CONTEXT: Recently, a value of 1-h post-load glucose concentration (1-h-PG) ≥155 mg/dl (8.6 mmol/l) in individuals with normal glucose tolerance (NGT) has been found to be associated with an increased risk for future type 2 diabetes (T2DM). In this review, we analyze the implication of 1-h-PG determination in prediction of T2DM and cardiovascular disease. EVIDENCE ACQUISITION: A literature search was performed using MEDLINE. We included all English studies published up to February 2018 in peer-reviewed journals that examined the relationship between 1-h-PG and diabetes, cardio-metabolic alterations, organ damage, and cardiovascular disease. EVIDENCE SYNTHESIS: Several longitudinal studies have consistently shown that 1-h-PG ≥155 mg/dl can recognize individuals at increased risk for future T2DM amongst NGT subjects. Additionally, we describe the pathophysiological abnormalities associated with 1-h-PG ≥155 mg/dl including impaired insulin sensitivity, β-cell dysfunction, and increased glucose intestinal absorption, which are known to be involved in T2DM pathogenesis. Importantly, numerous studies have demonstrated that a value of 1-h-PG ≥155 mg/dl in NGT individuals is not only linked to an increased risk for future T2DM, but is also able to identify those having a worse cardiovascular phenotype and an increased risk of adverse cardiovascular outcomes. CONCLUSIONS: Although 1-h-PG determination is not currently recommended by the American Diabetes Association for identifying high-risk individuals, the available evidence indicates that a value of 1-h-PG ≥155 mg/dl may be a useful tool to recognize, among subjects with NGT, those at increased risk of T2DM and cardiovascular disease.

One-hour post-load hyperglycemia: implications for prediction and prevention of type 2 diabetes

Fiorentino TV;Perticone M;Perticone F;Hribal M;Sciacqua A;Andreozzi F;Succurro E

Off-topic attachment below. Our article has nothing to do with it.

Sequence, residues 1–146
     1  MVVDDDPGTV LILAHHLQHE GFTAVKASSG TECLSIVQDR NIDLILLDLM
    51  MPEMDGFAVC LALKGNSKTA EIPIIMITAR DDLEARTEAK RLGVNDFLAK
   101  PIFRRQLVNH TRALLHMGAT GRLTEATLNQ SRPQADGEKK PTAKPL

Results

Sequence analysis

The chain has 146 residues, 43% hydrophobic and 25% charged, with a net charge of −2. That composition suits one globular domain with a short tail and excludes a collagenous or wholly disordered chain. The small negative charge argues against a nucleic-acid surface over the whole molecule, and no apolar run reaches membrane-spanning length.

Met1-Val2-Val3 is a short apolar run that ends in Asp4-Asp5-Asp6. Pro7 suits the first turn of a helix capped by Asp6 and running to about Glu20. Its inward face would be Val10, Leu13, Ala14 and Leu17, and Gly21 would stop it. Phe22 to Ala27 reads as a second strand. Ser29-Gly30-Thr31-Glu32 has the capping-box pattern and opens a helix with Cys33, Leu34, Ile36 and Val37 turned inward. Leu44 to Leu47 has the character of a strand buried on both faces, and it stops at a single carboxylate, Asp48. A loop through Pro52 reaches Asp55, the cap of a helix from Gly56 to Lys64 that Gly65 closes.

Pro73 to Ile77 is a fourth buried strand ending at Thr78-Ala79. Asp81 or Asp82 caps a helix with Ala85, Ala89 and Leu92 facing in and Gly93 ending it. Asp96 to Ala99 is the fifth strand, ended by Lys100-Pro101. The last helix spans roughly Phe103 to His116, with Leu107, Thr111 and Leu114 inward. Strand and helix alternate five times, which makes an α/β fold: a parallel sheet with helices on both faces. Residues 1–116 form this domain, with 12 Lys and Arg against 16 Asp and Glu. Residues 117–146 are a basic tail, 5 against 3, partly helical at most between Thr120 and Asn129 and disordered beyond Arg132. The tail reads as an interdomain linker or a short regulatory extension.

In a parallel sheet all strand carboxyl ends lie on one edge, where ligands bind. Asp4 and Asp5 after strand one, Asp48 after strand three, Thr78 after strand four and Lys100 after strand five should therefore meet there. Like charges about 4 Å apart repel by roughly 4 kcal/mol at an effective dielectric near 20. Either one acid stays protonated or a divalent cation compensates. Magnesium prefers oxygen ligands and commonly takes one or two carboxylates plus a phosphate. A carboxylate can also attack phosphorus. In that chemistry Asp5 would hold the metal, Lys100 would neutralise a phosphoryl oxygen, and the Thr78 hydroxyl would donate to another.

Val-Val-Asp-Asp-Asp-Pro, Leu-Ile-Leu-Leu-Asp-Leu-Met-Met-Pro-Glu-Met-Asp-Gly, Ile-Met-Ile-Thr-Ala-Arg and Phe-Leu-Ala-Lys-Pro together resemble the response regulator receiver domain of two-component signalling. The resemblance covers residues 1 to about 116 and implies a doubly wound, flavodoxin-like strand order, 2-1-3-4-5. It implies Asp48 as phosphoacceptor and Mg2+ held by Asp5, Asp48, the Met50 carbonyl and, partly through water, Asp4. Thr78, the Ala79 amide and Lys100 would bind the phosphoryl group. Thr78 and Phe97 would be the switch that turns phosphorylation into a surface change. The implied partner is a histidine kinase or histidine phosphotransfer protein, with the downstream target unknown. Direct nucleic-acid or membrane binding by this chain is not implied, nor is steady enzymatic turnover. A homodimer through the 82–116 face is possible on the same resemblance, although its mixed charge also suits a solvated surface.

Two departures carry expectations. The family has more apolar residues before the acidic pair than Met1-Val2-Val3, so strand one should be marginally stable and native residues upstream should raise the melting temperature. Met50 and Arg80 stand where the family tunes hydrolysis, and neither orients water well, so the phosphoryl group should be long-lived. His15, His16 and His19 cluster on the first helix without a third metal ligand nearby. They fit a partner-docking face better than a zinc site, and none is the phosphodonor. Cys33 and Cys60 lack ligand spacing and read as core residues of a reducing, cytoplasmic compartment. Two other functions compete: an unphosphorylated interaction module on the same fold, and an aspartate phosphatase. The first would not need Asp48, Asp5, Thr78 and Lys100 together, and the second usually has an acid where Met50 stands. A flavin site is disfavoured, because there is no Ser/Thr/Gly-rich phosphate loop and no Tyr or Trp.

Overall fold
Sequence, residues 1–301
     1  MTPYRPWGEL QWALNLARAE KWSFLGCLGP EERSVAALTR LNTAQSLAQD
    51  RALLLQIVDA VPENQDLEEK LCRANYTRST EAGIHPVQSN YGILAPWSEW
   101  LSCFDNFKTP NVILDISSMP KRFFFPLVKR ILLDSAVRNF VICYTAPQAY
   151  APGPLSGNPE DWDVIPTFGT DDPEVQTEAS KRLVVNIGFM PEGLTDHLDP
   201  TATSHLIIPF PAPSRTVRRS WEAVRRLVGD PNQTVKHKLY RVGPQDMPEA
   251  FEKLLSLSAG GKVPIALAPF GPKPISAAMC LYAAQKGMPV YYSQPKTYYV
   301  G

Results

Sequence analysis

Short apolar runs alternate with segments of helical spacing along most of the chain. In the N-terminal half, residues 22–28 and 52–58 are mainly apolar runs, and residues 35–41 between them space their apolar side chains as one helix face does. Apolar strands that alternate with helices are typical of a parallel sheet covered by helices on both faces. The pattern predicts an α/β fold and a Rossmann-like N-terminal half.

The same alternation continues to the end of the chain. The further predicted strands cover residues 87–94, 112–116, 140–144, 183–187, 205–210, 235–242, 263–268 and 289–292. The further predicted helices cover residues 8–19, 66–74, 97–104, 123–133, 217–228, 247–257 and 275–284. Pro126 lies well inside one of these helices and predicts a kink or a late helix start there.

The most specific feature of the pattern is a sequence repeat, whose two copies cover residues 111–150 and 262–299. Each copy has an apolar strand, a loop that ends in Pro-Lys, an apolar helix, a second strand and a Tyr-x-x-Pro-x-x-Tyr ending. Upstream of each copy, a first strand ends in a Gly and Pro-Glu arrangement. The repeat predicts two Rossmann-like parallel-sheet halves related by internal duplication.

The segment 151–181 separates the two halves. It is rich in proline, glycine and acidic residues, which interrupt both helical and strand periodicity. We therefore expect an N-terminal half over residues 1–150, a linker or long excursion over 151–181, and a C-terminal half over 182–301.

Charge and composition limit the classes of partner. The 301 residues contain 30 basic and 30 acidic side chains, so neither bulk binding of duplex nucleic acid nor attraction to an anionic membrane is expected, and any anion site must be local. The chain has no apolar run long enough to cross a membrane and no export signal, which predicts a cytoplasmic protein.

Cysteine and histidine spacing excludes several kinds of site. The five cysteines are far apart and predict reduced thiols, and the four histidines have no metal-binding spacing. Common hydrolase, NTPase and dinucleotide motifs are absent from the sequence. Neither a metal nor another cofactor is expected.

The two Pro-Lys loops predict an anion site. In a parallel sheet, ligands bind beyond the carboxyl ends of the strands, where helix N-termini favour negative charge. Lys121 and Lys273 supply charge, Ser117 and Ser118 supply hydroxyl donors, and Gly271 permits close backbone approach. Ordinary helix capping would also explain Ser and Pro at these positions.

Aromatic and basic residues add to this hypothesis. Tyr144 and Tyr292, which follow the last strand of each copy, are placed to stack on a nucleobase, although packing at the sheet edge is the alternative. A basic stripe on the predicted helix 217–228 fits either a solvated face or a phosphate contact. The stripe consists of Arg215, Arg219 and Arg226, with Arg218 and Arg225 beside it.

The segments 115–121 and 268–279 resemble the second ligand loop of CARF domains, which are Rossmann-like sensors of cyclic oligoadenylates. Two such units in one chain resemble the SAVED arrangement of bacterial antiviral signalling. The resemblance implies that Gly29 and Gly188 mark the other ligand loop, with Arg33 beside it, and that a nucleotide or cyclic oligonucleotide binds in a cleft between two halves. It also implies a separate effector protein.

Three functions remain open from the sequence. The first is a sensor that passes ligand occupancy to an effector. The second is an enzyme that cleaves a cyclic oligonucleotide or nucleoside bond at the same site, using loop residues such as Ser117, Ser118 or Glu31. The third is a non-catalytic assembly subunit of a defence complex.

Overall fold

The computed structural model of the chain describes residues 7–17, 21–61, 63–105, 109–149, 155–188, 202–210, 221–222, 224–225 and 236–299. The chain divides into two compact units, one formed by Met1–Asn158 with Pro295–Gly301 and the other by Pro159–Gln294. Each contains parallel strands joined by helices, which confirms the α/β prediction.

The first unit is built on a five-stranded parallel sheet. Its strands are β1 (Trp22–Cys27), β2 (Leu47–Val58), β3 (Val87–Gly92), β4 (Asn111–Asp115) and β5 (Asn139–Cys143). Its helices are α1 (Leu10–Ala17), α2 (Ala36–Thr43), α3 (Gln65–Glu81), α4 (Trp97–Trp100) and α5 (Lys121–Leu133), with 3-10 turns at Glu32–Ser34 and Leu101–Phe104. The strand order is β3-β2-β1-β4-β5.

2018-01-01

Abstract

CONTEXT: Recently, a value of 1-h post-load glucose concentration (1-h-PG) ≥155 mg/dl (8.6 mmol/l) in individuals with normal glucose tolerance (NGT) has been found to be associated with an increased risk for future type 2 diabetes (T2DM). In this review, we analyze the implication of 1-h-PG determination in prediction of T2DM and cardiovascular disease. EVIDENCE ACQUISITION: A literature search was performed using MEDLINE. We included all English studies published up to February 2018 in peer-reviewed journals that examined the relationship between 1-h-PG and diabetes, cardio-metabolic alterations, organ damage, and cardiovascular disease. EVIDENCE SYNTHESIS: Several longitudinal studies have consistently shown that 1-h-PG ≥155 mg/dl can recognize individuals at increased risk for future T2DM amongst NGT subjects. Additionally, we describe the pathophysiological abnormalities associated with 1-h-PG ≥155 mg/dl including impaired insulin sensitivity, β-cell dysfunction, and increased glucose intestinal absorption, which are known to be involved in T2DM pathogenesis. Importantly, numerous studies have demonstrated that a value of 1-h-PG ≥155 mg/dl in NGT individuals is not only linked to an increased risk for future T2DM, but is also able to identify those having a worse cardiovascular phenotype and an increased risk of adverse cardiovascular outcomes. CONCLUSIONS: Although 1-h-PG determination is not currently recommended by the American Diabetes Association for identifying high-risk individuals, the available evidence indicates that a value of 1-h-PG ≥155 mg/dl may be a useful tool to recognize, among subjects with NGT, those at increased risk of T2DM and cardiovascular disease.
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Utilizza questo identificativo per citare o creare un link a questo documento: https://hdl.handle.net/20.500.12317/203
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